• Wang, Kai; Auzane, Agate; Overmyer, Kirk (2022)
    The phyllosphere is a complex habitat for diverse microbial communities. Under natural conditions, multiple interactions occur between host plants and phyllosphere resident microbes, such as bacteria, oomycetes, and fungi. Our understanding of plant associated yeasts and yeast-like fungi lags behind other classes of plant-associated microbes, largely due to a lack of yeasts associated with the model plant Arabidopsis, which could be used in experimental model systems. The yeast-like fungal species Protomyces arabidopsidicola was previously isolated from the phyllosphere of healthy wild-growing Arabidopsis, identified, and characterized. Here we explore the interaction of P. arabidopsidicola with Arabidopsis and found P. arabidopsidicola strain C29 was not pathogenic on Arabidopsis, but was able to survive in its phyllosphere environment both in controlled environment chambers in the lab and under natural field conditions. Most importantly, P. arabidopsidicola exhibited an immune priming effect on Arabidopsis, which showed enhanced disease resistance when subsequently infected with the fungal pathogen Botrytis cinerea. Activation of the mitogen-activated protein kinases (MAPK), camalexin, salicylic acid, and jasmonic acid signaling pathways, but not the auxin-signaling pathway, was associated with this priming effect, as evidenced by MAPK3/MAPK6 activation and defense marker expression. These findings demonstrate Arabidopsis immune defense priming by the naturally occurring phyllosphere resident yeast species, P. arabidopsidicola, and contribute to establishing a new interaction system for probing the genetics of Arabidopsis immunity induced by resident yeast-like fungi.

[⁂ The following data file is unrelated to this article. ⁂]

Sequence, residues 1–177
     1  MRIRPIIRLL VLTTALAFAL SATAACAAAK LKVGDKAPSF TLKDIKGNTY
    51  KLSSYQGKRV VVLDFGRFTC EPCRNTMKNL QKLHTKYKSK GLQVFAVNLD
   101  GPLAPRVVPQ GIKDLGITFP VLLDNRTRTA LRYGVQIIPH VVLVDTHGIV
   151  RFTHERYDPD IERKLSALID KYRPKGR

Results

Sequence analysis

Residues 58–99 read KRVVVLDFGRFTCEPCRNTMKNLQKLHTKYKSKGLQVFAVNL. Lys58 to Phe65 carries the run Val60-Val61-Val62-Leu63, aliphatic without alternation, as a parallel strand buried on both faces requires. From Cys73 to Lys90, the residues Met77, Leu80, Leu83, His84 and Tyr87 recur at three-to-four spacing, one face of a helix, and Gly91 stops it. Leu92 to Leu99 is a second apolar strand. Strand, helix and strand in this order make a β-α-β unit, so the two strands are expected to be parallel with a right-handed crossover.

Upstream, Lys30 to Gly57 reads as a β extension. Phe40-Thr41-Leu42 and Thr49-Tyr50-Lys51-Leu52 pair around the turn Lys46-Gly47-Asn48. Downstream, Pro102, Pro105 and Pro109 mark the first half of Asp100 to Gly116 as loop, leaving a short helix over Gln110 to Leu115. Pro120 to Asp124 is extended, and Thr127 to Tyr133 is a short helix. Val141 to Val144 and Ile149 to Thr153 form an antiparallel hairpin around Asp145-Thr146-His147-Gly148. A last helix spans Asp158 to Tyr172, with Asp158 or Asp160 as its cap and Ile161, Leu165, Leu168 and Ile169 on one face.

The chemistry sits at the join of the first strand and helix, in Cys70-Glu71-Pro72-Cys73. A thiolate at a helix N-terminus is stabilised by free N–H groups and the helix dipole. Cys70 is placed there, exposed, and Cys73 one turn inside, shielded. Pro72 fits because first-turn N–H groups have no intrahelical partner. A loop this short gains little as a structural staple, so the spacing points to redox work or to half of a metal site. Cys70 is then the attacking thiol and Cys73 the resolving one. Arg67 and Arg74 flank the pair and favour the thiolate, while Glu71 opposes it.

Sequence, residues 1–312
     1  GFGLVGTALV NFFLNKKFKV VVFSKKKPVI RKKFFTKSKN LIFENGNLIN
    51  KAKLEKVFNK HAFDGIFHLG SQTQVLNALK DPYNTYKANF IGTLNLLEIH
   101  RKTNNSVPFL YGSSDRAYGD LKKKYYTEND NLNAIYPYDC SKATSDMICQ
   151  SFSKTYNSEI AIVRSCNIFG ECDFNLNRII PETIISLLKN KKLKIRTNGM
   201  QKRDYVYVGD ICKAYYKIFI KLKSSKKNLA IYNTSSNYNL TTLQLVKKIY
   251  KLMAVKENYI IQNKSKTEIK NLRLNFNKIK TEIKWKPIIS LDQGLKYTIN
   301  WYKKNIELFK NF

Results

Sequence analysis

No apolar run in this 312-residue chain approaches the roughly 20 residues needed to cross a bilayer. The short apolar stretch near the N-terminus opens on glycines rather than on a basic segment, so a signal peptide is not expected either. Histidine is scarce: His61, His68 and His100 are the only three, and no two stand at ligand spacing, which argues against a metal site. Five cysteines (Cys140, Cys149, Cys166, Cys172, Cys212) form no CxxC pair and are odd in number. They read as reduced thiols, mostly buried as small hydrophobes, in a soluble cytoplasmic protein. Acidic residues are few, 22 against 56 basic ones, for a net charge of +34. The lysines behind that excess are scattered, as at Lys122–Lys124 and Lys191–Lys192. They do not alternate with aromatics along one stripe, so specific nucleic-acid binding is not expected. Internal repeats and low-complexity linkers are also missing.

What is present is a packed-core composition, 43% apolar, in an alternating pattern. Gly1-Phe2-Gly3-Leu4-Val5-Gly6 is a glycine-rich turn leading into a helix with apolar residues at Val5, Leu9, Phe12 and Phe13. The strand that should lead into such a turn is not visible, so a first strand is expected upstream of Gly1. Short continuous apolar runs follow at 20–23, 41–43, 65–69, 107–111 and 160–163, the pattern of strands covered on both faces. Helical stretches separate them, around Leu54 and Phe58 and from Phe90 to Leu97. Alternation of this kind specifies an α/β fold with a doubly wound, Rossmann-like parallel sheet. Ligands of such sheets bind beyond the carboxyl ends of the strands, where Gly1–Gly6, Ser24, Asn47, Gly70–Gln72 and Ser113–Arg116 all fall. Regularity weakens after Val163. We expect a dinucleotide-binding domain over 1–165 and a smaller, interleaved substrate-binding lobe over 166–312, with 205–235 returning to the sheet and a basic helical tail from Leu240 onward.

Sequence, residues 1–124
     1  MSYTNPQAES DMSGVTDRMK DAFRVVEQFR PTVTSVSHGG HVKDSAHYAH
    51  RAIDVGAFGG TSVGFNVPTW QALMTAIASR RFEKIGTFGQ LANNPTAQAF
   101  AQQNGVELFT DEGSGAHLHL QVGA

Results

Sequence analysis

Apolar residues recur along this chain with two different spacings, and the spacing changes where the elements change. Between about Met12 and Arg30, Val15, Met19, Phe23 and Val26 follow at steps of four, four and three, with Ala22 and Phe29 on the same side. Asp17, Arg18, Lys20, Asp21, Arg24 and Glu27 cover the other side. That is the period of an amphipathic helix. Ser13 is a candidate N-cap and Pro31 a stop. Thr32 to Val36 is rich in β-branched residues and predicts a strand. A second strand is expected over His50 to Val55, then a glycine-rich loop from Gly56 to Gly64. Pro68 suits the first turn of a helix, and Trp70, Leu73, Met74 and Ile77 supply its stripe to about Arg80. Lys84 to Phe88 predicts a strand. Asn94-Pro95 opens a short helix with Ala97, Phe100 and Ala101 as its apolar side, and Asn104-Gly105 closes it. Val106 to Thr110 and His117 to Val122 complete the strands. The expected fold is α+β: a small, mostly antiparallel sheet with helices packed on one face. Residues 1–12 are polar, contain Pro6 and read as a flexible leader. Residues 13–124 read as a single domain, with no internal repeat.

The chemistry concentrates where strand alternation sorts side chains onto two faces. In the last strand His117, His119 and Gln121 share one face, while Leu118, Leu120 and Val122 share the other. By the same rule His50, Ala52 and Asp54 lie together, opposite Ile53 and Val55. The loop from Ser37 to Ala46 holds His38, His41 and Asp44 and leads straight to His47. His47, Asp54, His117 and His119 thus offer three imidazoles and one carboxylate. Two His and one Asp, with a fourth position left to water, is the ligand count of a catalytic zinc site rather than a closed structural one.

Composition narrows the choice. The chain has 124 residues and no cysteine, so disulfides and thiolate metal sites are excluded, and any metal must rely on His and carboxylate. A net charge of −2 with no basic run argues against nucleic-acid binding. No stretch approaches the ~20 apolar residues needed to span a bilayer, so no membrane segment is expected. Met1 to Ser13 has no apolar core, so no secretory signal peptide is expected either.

• Rosa, Elena; van Nouhuys, Saskya; Saastamoinen, Marjo (2017)